A depression-era wonder
I may have been underwhelmed by Las Vegas, but I sure was impressed by the Hoover Dam. It truly is an engineering marvel that completely transformed an entire region of the United States from desert to agricultural linchpin.
While it is a hydro-electric power plant, the primary purpose of the dam (according to the obligatory tour I went on) is to control the flow of the Colorado River and provide irrigation water for agriculture. Prior to the dam, the river was subject to flooding devastating the downstream communities. The creation of the dam provided a stable water source for the region, and allowed for controlled downstream release of water.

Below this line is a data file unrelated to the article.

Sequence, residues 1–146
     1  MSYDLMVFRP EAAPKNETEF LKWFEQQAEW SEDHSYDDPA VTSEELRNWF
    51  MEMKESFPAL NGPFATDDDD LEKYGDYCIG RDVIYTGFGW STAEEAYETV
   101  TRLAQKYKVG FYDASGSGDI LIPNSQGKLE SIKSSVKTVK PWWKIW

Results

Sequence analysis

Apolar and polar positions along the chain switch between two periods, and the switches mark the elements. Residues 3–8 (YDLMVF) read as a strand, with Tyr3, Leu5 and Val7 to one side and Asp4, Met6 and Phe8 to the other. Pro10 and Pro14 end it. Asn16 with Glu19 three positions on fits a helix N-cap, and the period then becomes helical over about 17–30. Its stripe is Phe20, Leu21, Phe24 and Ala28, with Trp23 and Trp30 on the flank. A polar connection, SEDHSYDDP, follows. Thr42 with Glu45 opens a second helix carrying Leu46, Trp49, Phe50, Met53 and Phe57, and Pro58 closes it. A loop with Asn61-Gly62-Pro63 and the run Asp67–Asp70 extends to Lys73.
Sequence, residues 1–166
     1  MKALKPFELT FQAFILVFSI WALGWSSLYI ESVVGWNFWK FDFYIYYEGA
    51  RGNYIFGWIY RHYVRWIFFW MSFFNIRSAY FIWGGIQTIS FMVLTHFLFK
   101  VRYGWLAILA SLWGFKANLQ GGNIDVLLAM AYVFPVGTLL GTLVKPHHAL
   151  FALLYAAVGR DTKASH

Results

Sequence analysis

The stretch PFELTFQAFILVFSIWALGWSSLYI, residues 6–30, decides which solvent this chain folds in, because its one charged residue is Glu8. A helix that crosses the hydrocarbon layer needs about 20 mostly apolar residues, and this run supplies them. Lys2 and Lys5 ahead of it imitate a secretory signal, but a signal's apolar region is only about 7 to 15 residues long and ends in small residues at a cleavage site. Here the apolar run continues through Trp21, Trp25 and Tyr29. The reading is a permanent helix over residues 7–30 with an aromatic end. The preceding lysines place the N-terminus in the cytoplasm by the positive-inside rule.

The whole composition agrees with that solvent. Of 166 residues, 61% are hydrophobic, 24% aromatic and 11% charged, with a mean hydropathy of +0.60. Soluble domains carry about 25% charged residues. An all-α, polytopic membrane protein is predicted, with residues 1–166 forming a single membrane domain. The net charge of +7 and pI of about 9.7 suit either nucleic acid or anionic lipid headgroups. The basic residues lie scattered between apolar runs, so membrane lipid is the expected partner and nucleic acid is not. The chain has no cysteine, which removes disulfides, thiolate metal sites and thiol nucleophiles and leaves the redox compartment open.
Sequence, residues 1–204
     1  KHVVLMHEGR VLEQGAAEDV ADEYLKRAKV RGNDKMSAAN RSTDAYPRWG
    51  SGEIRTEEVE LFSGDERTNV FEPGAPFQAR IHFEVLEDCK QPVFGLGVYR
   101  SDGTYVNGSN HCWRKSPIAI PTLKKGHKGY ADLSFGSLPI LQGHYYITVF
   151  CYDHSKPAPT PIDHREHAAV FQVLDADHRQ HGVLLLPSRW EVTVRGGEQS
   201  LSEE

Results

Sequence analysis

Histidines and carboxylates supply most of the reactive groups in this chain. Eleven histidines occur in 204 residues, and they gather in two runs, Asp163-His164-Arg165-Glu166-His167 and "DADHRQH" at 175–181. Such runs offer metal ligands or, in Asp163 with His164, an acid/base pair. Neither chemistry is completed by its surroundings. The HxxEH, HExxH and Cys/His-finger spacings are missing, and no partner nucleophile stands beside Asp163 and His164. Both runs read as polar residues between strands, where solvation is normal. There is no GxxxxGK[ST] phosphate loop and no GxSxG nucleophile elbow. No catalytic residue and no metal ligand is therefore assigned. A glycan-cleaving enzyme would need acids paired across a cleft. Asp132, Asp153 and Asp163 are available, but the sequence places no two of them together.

The Hoover Dam is an interesting comparison to the Rockefeller Center in Manhattan, New York. Construction for both started within a year of each other, and both were much-needed sources of employment during the Great Depression. Of course, the Rockefeller Center was funded privately for private purposes whereas the Hoover Dam was funded by public funds.
Both projects, however, bear the artistic direction of the period in which they were built. I LOVE the 20s and 30s art deco sculptures and art of them both. This sculpture, reading "They Died To Make The Desert Bloom" is particularly touching.
Check out the entire set on Flickr.
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